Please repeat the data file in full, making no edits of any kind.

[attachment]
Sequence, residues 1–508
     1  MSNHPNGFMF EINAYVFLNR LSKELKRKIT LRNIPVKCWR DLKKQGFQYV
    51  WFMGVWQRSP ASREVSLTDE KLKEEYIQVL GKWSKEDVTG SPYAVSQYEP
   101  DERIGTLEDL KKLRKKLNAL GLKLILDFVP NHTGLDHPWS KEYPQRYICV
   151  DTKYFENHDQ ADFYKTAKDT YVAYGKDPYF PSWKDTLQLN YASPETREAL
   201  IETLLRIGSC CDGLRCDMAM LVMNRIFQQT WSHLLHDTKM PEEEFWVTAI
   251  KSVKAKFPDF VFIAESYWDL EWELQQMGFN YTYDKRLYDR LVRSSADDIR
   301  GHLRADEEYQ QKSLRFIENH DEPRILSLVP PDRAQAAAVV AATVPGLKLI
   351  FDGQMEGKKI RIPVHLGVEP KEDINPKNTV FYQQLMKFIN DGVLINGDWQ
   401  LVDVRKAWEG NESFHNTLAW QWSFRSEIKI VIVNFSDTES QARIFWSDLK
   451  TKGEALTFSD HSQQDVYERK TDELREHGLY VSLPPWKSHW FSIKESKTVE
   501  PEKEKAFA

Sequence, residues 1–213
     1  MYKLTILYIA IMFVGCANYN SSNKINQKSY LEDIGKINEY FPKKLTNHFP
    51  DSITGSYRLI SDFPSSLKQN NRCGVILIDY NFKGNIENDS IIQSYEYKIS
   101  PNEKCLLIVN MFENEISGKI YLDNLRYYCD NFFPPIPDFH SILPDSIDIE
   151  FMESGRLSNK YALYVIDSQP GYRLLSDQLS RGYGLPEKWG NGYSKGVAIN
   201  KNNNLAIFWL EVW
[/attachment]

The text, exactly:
Sequence, residues 1–508
     1  MSNHPNGFMF EINAYVFLNR LSKELKRKIT LRNIPVKCWR DLKKQGFQYV
    51  WFMGVWQRSP ASREVSLTDE KLKEEYIQVL GKWSKEDVTG SPYAVSQYEP
   101  DERIGTLEDL KKLRKKLNAL GLKLILDFVP NHTGLDHPWS KEYPQRYICV
   151  DTKYFENHDQ ADFYKTAKDT YVAYGKDPYF PSWKDTLQLN YASPETREAL
   201  IETLLRIGSC CDGLRCDMAM LVMNRIFQQT WSHLLHDTKM PEEEFWVTAI
   251  KSVKAKFPDF VFIAESYWDL EWELQQMGFN YTYDKRLYDR LVRSSADDIR
   301  GHLRADEEYQ QKSLRFIENH DEPRILSLVP PDRAQAAAVV AATVPGLKLI
   351  FDGQMEGKKI RIPVHLGVEP KEDINPKNTV FYQQLMKFIN DGVLINGDWQ
   401  LVDVRKAWEG NESFHNTLAW QWSFRSEIKI VIVNFSDTES QARIFWSDLK
   451  TKGEALTFSD HSQQDVYERK TDELREHGLY VSLPPWKSHW FSIKESKTVE
   501  PEKEKAFA

Sequence, residues 1–213
     1  MYKLTILYIA IMFVGCANYN SSNKINQKSY LEDIGKINEY FPKKLTNHFP
    51  DSITGSYRLI SDFPSSLKQN NRCGVILIDY NFKGNIENDS IIQSYEYKIS
   101  PNEKCLLIVN MFENEISGKI YLDNLRYYCD NFFPPIPDFH SILPDSIDIE
   151  FMESGRLSNK YALYVIDSQP GYRLLSDQLS RGYGLPEKWG NGYSKGVAIN
   201  KNNNLAIFWL EVW